Bryn Mawr Classical Review

Bryn Mawr Classical Review 2011.11.14

Stamatis Avlonitis, Το λυκόφως των ηρώων στην Ιλιάδα (Ραψωδίες Α-Μ). Βιβλιοθήκη Σοφίας Ν. Σαριπόλου 113.   Αθήνα:  Πανεπιστήμιο Αθηνών Σαριπόλειο Ίδρυμα, 2010.  Pp. 546.  ISBN 9789605260194.  



Reviewed by Parthena N. Karatzoglou, Centre for the Greek Language in Thessaloniki (nkaratzoglou@yahoo.co.uk)

[Read the author's response to this review on the BMCR blog.]

[Table of Contents at the end of the review]

From ancient times secondary literature has characterized the Homeric Iliad as an epic that narrates the deeds of heroes who possess power, martial virtues and divine favour and who are seeking glory and honour. According to most scholars the aim of the epic is to highlight and to praise this heroic ideal and the whole system of values that it embodies. Nevertheless, there are also those who have been sceptical about the role that the epic plays and who have expressed their doubts about the acceptance of that heroic ideology while at the same time stressing its antiwar tone.1 Although individual comments assert that the Iliad contains indirect criticism of the heroic ideology, almost no one has considered the presentation of its story in toto. In that respect the author of this book offers a new perspective in the study of the Homeric epic. He argues that the Iliad is an antiheroic epic with a unique narrative that describes the downfall of the heroes as a result of their martial values and their self- centered behaviour. In this way the title of the book The twilight of the heroes seems fitting.

Avlonitis carefully studies books 1-12 and he builds his argument about the Iliad’s anti-heroic content systematically by examining four aspects: the presentation of the myth and the interpretation of the attitude of the heroes, the plan of Zeus mentioned several times in the Iliad, comparison with other epic traditions as well as with Hesiod’s Works and Days and the poetics of the epic. These four aspects are studied in separate chapters, and individually for each book of the twelve.2 Each of these chapters, however, has a title that may often prove to be confusing to the reader. Moreover, the four aspects mentioned are intermingled with other additional aspects and are investigated in more than one chapter, the relevance of which is not always clear. For example, in chapter 1.β. (the beginning of the war, pp. 63-125) not only are the actions of Agamemnon evaluated, but also Hesiod’s Works and Days is juxtaposed with the Iliad, even though there is a whole chapter on the juxtaposition between the Iliad and the tradition—regarding books 1-4 (Chapter 1.Γ. pp.198-232). Due to the large size of the book the location of the chapters can be confusing, not to mention that many pages of the book could have been omitted, since the same ideas are repeated.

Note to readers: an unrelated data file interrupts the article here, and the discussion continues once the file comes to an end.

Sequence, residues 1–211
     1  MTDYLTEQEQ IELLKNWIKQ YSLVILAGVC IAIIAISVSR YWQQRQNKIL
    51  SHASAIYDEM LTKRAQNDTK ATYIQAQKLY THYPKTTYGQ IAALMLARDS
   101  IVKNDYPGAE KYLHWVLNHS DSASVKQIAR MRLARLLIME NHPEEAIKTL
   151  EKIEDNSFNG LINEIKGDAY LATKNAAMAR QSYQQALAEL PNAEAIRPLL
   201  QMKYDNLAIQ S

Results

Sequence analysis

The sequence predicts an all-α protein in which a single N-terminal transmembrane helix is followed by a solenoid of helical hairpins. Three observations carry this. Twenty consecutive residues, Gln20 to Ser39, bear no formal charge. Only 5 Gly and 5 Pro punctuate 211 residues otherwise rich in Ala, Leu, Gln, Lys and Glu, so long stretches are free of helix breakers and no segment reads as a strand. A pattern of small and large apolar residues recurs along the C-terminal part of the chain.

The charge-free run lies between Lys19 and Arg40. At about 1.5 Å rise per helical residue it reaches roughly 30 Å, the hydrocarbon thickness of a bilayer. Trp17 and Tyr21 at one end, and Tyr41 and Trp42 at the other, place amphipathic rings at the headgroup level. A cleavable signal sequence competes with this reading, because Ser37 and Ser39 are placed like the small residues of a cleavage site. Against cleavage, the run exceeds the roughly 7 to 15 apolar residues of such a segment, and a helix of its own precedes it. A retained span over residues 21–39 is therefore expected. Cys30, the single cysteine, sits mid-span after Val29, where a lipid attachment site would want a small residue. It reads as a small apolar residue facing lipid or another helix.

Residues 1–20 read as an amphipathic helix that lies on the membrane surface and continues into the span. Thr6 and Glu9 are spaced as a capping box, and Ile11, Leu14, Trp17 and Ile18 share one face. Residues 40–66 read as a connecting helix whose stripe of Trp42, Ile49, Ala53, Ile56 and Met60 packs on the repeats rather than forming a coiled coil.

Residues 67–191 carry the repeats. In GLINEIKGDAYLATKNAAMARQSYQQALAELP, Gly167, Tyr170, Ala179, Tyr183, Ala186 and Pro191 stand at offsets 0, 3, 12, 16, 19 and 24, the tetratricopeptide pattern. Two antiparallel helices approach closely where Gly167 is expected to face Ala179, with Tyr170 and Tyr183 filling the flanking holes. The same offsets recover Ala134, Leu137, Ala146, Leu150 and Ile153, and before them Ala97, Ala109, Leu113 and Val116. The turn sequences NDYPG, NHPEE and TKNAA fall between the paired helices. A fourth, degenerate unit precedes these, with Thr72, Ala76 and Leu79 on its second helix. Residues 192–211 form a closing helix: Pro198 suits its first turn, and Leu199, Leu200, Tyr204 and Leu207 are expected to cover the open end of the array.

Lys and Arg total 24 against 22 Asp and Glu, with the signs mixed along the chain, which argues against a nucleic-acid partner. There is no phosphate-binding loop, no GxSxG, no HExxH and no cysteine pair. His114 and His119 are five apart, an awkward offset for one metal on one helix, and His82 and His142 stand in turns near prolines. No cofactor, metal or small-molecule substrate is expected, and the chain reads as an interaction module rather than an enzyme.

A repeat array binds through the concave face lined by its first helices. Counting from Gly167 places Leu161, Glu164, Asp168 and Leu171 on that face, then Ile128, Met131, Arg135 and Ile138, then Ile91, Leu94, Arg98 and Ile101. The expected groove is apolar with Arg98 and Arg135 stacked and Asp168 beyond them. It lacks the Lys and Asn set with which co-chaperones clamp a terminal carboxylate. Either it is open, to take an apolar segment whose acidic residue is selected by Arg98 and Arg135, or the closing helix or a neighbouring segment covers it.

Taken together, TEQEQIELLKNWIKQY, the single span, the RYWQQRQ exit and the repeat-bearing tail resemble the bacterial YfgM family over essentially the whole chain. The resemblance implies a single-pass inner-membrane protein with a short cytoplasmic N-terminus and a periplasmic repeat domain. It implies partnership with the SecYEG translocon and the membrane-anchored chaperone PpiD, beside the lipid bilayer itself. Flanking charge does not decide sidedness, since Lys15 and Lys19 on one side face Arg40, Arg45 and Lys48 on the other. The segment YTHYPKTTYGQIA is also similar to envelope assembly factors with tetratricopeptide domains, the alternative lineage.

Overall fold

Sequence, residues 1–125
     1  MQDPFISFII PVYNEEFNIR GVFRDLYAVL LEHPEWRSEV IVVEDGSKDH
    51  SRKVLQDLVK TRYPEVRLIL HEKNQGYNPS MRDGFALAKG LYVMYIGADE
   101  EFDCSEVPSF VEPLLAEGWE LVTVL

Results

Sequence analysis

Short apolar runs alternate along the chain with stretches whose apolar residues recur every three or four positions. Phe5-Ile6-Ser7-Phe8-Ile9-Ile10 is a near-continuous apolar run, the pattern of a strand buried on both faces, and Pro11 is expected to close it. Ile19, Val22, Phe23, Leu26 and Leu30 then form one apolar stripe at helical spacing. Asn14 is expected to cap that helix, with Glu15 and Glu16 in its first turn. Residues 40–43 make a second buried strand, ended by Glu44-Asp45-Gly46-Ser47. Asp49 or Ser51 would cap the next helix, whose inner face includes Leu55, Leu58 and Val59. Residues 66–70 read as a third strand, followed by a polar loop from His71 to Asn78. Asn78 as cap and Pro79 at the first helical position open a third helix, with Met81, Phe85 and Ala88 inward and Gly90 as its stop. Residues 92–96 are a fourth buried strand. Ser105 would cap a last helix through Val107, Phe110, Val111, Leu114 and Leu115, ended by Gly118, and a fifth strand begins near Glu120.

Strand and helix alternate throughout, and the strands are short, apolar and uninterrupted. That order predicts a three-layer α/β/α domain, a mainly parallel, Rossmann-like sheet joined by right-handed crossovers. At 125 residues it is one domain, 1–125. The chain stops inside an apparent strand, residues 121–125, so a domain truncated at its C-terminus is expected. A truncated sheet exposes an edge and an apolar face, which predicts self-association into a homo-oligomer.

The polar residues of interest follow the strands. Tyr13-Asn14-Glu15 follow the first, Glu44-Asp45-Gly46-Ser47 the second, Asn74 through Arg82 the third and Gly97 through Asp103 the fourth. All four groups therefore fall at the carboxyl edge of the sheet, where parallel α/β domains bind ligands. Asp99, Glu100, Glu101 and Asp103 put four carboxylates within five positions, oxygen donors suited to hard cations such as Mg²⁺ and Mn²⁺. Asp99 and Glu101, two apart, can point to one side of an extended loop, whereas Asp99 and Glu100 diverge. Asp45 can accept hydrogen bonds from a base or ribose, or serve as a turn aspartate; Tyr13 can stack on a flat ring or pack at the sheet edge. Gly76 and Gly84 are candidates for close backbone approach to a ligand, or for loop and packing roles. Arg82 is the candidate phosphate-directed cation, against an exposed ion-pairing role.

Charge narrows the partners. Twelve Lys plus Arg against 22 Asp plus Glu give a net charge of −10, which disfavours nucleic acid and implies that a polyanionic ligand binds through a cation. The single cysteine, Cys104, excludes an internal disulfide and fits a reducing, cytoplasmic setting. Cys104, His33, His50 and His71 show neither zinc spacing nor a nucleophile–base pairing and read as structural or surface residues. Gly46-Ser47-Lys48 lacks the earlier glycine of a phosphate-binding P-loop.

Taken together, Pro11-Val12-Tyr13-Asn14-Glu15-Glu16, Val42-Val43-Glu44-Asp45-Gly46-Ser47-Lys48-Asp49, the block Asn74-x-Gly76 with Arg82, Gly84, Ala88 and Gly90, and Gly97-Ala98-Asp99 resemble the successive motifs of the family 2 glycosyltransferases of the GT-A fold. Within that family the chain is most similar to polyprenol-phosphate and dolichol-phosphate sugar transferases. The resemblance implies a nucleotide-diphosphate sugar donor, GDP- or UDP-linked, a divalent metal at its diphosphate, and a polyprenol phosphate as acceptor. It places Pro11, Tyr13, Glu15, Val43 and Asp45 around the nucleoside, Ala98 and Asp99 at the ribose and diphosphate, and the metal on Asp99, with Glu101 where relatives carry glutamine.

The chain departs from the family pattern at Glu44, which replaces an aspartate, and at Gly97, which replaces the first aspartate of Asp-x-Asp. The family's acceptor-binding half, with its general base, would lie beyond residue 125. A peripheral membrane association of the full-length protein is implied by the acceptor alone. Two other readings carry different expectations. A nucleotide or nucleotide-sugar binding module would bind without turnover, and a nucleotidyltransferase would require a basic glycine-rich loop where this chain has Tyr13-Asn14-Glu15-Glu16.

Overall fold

In general, the study of the Iliad is presented in a linear way. The author starts from the prologue (Book 1, 1-7) and continues with the rest of book 1, book 2, etc, presenting each time the main characters and their actions as well as the literary decisions, while at the same time evaluating them. Lines from the text or their translation are usually cited, but a good knowledge of the text on the part of the reader is helpful and sometimes even necessary. Still, the main ideas and arguments can be followed by a non-specialist, since most of the times the author presents a coherent argument and states his main ideas clearly and repeatedly.

Avlonitis argues that the Iliad is critical towards the heroic mentality. His main argument is that this criticism is evident in the presentation of the myth right from the introduction, where human responsibility for what is to follow is highlighted. The individual selfish aims of the leaders, regardless of the side to which they belong, put in danger the common welfare of those around them. Agamemnon’s greed and Achilles’ anger endanger the lives of their soldiers in the same way that Paris’s erotic passion will bring about the destruction of Troy. The inaction of both communities is in turn evidence of their culpability. Avlonitis continues his argumentation in the same vein in the fourth book: through the study of the plan of Zeus, the author makes it evident that the god’s plan does not really seek to bring about the end of Troy but rather the end of the hybris of the heroic world in total.